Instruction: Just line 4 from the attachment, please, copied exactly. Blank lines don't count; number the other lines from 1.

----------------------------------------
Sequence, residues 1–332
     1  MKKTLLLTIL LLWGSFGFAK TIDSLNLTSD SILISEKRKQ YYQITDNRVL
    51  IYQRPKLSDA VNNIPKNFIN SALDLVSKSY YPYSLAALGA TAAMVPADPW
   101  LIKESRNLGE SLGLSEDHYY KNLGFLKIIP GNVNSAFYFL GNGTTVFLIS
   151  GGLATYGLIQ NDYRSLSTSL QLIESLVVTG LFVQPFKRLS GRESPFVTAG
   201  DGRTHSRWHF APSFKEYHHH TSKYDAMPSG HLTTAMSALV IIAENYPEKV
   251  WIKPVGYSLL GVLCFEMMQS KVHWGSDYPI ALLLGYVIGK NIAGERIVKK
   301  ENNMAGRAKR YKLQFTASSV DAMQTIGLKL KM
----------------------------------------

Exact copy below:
   101  LIKESRNLGE SLGLSEDHYY KNLGFLKIIP GNVNSAFYFL GNGTTVFLIS